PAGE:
Let's imagine for a moment an aging writer of a conservative political bent mentioning the murder of Europe's Jews and the liquidation of German soldiers in the same context in an interview with an Israeli newspaper as well as mixing up the relevant numbers. Instead of discussing the 1 million German soldiers who died in Soviet POW camps, he suddenly puts the figure at 6 million, the figure more commonly given for the number of Jews murdered in the Holocaust.
One doesn't need much imagination to envision how the enlightened public would react to this writer's math. Under normal circumstances, the man's career as someone with political statements to be taken seriously would be over. But, in this case, the man behind the strange Holocaust math was none other than legendary German writer and Nobel Prize laureate Günter Grass, who made the statements in an interview published by Haaretz on Aug. 26 on the eve of the publication of the Hebrew translation of his autobiographical book "Peeling the Onion," which had been published five years ago in Germany and sparked a massive debate here because of Grass' revelations he had been a member of the Nazi Waffen-SS.
Grass' stature as a leading figure in modern world literature has clearly led him to be treated differently. Instead of finding decisive rebukes in the feature pages of German newspapers in the days since the publication of the interview, one can mostly find convoluted excuses mentioning Grass' many achievements. In fact, even the historian who returned to the subject of the Holocaust with Grass went on to defend him. "I believe that in the heat of the argument he mentioned an incorrect figure," Tom Segev said. "Actually I should have corrected him and I apologize for not having done so." That's magnanimous, to say the least.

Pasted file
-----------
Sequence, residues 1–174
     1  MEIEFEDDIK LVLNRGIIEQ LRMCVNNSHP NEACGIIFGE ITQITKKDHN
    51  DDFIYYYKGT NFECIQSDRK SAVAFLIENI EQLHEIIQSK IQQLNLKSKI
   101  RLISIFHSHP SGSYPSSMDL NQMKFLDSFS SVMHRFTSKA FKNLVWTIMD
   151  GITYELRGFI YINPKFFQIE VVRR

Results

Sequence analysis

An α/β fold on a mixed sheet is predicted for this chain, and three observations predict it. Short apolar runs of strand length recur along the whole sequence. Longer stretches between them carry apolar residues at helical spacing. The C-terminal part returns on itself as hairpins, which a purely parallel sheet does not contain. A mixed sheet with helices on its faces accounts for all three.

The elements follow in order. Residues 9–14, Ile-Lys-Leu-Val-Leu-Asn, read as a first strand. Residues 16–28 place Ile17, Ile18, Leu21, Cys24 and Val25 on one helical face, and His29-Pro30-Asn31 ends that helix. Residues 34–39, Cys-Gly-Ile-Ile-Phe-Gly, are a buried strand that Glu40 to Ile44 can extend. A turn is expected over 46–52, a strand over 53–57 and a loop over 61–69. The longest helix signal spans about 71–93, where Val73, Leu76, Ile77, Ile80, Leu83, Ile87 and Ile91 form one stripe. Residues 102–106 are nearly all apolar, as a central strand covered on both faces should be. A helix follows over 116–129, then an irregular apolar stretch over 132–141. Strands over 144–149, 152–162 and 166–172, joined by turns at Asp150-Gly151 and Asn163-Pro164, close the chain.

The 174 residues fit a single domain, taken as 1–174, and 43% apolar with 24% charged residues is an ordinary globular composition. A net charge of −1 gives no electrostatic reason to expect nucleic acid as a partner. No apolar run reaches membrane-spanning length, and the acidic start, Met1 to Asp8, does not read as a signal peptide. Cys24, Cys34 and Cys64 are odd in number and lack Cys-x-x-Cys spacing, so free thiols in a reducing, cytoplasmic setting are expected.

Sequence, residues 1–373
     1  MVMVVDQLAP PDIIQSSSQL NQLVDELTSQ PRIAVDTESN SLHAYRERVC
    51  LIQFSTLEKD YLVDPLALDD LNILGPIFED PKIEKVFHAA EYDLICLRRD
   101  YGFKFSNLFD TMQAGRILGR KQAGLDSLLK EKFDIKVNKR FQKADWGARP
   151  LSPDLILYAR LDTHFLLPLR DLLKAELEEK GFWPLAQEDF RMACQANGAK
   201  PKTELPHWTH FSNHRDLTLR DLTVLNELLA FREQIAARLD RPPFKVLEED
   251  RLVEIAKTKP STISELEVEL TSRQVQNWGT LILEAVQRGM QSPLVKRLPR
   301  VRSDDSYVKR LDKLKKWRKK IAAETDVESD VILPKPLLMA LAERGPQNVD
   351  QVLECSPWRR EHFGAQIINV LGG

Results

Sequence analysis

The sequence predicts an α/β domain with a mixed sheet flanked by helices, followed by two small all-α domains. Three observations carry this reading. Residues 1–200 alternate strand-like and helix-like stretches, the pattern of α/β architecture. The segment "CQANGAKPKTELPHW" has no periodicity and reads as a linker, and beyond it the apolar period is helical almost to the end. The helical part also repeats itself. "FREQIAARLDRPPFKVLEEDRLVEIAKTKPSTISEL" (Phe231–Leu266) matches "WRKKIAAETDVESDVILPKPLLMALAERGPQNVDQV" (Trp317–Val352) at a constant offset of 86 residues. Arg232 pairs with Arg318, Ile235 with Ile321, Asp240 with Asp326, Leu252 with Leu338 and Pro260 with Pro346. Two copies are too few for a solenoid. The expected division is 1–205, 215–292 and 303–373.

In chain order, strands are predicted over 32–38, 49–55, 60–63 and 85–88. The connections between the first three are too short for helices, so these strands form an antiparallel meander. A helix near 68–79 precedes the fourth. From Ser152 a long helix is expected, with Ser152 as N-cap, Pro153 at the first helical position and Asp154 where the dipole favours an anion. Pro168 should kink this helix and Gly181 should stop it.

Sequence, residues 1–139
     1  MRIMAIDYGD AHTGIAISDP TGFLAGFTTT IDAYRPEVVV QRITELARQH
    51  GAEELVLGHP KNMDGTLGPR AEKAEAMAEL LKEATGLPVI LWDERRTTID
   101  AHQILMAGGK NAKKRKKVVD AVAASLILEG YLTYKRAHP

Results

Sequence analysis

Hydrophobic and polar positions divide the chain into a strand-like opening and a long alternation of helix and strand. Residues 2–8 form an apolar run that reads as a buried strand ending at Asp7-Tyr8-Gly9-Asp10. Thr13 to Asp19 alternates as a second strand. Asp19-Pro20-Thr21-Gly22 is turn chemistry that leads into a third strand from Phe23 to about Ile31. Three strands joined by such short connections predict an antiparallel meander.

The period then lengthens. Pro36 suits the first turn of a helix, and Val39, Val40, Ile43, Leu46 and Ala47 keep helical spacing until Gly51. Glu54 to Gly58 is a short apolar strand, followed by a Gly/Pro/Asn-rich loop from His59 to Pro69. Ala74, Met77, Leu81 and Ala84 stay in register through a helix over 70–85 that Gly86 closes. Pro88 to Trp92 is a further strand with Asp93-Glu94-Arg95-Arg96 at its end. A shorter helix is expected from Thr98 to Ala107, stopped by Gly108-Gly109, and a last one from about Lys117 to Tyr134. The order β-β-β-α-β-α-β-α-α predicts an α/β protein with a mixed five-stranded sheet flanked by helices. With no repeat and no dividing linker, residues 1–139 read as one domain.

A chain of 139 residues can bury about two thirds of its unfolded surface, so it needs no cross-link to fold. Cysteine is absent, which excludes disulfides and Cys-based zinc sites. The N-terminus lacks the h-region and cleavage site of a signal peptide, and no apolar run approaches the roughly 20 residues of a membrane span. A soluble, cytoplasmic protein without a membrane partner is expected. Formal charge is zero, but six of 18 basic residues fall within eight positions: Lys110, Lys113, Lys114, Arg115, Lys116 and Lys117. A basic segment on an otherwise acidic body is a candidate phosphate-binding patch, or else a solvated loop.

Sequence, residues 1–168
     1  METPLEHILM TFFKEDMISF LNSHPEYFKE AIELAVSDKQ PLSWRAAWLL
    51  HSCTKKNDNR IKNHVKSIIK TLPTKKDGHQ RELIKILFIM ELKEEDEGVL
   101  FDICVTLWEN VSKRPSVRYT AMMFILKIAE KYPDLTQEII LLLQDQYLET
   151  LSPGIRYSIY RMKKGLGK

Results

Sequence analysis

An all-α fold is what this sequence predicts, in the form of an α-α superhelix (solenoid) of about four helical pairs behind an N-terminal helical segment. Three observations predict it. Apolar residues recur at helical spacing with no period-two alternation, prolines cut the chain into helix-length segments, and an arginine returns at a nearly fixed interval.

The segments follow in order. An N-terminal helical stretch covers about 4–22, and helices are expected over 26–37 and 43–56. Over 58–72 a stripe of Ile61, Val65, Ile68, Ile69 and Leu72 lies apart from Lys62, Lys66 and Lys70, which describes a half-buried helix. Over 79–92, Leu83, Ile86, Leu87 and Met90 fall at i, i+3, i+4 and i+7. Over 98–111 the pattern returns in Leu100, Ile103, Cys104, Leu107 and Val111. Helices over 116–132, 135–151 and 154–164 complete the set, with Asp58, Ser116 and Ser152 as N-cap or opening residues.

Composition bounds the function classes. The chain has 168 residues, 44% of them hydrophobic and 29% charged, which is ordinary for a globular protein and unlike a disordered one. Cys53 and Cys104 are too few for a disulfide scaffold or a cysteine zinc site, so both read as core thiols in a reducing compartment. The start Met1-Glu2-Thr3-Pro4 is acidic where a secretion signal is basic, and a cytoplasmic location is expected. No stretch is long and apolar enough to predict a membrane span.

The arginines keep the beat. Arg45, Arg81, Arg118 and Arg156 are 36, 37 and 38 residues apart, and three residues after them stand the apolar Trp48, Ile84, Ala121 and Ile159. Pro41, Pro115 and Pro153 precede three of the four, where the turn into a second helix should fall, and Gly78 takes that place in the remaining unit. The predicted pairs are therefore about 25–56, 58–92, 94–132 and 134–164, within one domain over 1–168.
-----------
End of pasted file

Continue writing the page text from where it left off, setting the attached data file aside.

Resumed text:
Of course, one could let the matter go at that -- but not when one is talking about Grass, the man who strives to be viewed as the ultimate authority on issues of conscience, the man who continues to always be invoked by those in Germany who like to resort to moral judgements in their discourse with political opponents. In fact, for some time now, it seems the better Grass' reputation has gotten for being a person who can make clear statements about current events, the lower the quality of his literary output has been.